This is a free app, so it features some ads, but they are not intrusive.
Moto File Manager is part of the Moto eco-system of apps. It is not available for all Android devices and is exclusively available for Motorola Apps. For that subset, it is an excellent tool. Moto File Manager is well-designed as was expected of the developer. You can access all files directly from the app’s home screen without having to dive deep into each folder. You can transfer your entire library from one device to another with a single tap. It allows for remote management from a computer and it supports global search to make it easy to locate any file on your device.
File Manager + is fast and just as fully-featured as the apps listed above. Its UI is simple and easy to use. With File Manager +, you can easily manage files and folders on your device, your SD Card, and any attached NAS and/or cloud storage like Dropbox and Google Drive. It also comes with a storage analysis function that will let you identify which files/folders are taking up most of your storage.
Nowadays, all smartphones ship with a flashlight button, however, there was a time when one had to download an app to turn the camera’s flash into a flashlight. This file manager is brought to you by the people who gave us the ever popular flashlight app and that’s what we call street cred.
SD File Manager claims to be the best file explorer on Android. That is a big claim, of course. If you have a rooted device, SD File Manager lets you explore the root folder. It gives you thumbnails for image files (instead of just names and a generic icon). Its greatest accomplishment, in a real sensem is that it supports devices as old as Gingerbread. It is a simple tool in terms of features. It just shows you your current file system and lets you get to work.
File Manager by Clean System Lab comes with support for 19 languages, typical system actions, multi-theme support, navigation drawer, thumbnails for images and videos, and root explorer. It’s highlight feature is the ability to access the file system through tabbed browsing which makes it easier if you are working on multiple folders at the same time. The UI is clean and light and you can install themes if you want. The bigger advantages are that you can actually share apps with other devices (for testing, etc.), where the File Manager takes care of the formatting. If you are especially interested in privacy, you can even hide files using this file manager.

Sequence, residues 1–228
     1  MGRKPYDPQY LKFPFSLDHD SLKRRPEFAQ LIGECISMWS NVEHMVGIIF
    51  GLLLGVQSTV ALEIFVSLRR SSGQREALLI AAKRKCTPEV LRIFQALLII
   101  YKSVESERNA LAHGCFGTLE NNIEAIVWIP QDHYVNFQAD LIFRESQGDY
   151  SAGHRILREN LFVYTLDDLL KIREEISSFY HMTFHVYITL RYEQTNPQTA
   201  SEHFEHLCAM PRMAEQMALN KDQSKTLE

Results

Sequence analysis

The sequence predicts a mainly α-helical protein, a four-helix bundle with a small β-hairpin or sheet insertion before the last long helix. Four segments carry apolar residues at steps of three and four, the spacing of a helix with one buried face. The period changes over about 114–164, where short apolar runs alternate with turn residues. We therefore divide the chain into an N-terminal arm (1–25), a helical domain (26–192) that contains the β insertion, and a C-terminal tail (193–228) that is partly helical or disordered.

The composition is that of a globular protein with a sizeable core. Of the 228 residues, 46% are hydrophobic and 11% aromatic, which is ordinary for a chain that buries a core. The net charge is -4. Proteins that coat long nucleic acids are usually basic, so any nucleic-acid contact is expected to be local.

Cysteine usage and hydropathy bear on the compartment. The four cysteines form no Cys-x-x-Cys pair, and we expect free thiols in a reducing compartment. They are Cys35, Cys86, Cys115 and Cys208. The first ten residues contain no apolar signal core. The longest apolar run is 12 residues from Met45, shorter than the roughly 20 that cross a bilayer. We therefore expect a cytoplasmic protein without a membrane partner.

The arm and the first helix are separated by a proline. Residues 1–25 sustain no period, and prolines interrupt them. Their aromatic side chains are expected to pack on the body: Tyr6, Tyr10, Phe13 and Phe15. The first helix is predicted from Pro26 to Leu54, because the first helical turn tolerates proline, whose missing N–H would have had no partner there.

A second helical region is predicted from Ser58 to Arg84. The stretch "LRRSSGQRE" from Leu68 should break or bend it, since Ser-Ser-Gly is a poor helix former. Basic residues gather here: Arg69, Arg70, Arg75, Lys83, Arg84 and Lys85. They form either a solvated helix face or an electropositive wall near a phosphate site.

File manager by Sand Studio is a light file manager. It can do a handful of things, but its focus is on precision and speed. It will let you name/rename files, sort them, share via Bluetooth, copy/paste/cut/create/delete folders, access attached devices (SD, OTG, etc.) and that is about it. This is for users who prefer to access their files directly without any bells or whistles.
Astro file manager is also a popular file manager that has kept up with the times since the olden days. Astro manager has a feature called cloud hopping, where you can transfer files between two separate cloud accounts (e.g. transferring a file from Google Drive to Dropbox). It supports playback for multimedia files. It comes with an SD Card usage manager cleaning up expanded memory. It has a built-in download manager which helps if you are downloading large files. It can compress and extract files and modify files as you would through any other file manager. You can access LAN, SMB or Cloud accounts and it comes with a Task Killer to terminate battery intensive tasks.